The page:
Jan. 30 2014
Washington, D.C. – It is a bittersweet epilogue to the recent 50th anniversary of the historic 1964 Surgeon General’s Report on smoking that Henry Waxman has decided to retire from service in the U.S. House of Representatives. Over the last four decades, no member of Congress has done more to improve the health and well-being of Americans than Henry Waxman. He is, and for 40 years has been, the most dedicated, influential and effective advocate for public health in the House of Representatives.
This relentless fighter exposed tobacco’s decades of deceit. Today, we take it for granted that most Americans understand the truth about the dangers of tobacco use and the deception of the industry. The sea change on smoking in our country wouldn’t have happened without the courage and tenacity of Henry Waxman.
No member of Congress has done more than Henry Waxman to focus public attention on the dangers of tobacco use, to expose the deception of the tobacco industry and to enact laws that reduce tobacco use and save lives:
He was the author and the driving force behind the landmark 2009 Family Smoking Tobacco Control and Prevention Act, which gave the Food and Drug Administration regulatory authority over the manufacturing, marketing and sale of tobacco products.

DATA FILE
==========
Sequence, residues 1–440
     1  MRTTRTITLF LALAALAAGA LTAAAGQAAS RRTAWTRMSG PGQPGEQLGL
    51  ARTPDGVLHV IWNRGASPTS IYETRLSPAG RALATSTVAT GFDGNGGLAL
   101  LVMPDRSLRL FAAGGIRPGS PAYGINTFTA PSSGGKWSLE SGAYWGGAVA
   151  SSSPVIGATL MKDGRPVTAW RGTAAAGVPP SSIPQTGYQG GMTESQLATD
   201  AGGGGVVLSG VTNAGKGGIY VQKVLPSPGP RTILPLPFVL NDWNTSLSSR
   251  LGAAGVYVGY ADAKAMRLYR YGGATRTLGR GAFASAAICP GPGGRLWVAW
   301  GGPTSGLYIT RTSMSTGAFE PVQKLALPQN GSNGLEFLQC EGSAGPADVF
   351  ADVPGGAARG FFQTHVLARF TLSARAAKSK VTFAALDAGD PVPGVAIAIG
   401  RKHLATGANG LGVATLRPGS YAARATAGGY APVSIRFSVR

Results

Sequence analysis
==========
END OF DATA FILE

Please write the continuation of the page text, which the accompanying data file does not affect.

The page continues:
When no one else in Congress dared to take on Big Tobacco, Henry Waxman conducted scores of hearings on the industry. Most unforgettable was the April 14, 1994 hearing when Chairman Waxman put the seven tobacco executives under oath and then each and every one of them proceeded to deny that nicotine is addictive. Other hearings by Mr. Waxman’s subcommittee revealed proof that tobacco companies buried internal research showing nicotine was addictive and that they knew cigarettes caused cancer, heart disease and other serious diseases.
In the 1980s, he sponsored legislation that strengthened the health warnings on cigarettes and extended those warnings to advertisements, required warning labels on smokeless tobacco products and advertising, and banned smokeless tobacco advertising on television and radio.
He held the first congressional hearing on the hazards of secondhand smoke, in 1986, then authored one of the earliest bills to require smoke-free public areas and workplaces.
America owes Henry Waxman a profound debt. He put the lives of the American people ahead of politically powerful special interests. Many people are alive today because Henry Waxman revealed the truth about tobacco. Many of our children don’t use tobacco today because Congressman Waxman fought to protect them.
Watch this video from 2009, when we honored U.S. Rep. Henry Waxman with our Champion Award.